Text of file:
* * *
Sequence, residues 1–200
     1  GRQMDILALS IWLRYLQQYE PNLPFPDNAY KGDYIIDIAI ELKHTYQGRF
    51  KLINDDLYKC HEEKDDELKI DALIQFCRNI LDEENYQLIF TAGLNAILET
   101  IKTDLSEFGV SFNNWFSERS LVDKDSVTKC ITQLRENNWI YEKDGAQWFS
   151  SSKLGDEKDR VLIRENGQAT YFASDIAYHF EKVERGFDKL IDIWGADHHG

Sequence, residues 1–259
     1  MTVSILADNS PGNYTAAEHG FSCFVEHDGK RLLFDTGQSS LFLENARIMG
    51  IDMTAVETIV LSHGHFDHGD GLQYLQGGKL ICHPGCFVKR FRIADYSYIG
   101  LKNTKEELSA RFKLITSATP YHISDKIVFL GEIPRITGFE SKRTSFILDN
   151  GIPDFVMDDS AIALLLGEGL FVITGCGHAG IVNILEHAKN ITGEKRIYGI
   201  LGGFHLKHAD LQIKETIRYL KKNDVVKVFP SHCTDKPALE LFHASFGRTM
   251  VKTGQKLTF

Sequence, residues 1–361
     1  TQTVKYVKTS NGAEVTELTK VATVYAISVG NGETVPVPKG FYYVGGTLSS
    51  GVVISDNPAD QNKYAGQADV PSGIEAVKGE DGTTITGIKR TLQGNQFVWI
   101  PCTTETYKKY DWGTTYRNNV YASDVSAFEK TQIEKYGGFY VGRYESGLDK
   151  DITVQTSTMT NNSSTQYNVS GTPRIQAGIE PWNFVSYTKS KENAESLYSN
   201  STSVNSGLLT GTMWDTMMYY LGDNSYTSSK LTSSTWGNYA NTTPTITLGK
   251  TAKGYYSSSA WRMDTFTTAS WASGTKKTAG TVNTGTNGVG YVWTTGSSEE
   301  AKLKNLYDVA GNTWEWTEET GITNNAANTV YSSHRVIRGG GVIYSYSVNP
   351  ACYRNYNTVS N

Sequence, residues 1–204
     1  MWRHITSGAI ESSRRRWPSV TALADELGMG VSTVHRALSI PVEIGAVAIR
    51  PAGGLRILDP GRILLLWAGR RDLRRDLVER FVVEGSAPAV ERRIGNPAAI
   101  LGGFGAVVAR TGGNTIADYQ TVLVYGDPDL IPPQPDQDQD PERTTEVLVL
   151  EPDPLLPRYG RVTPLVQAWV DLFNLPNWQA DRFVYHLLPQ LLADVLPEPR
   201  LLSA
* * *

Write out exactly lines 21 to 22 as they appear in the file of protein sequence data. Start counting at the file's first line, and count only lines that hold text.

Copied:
   351  ACYRNYNTVS N

Sequence, residues 1–204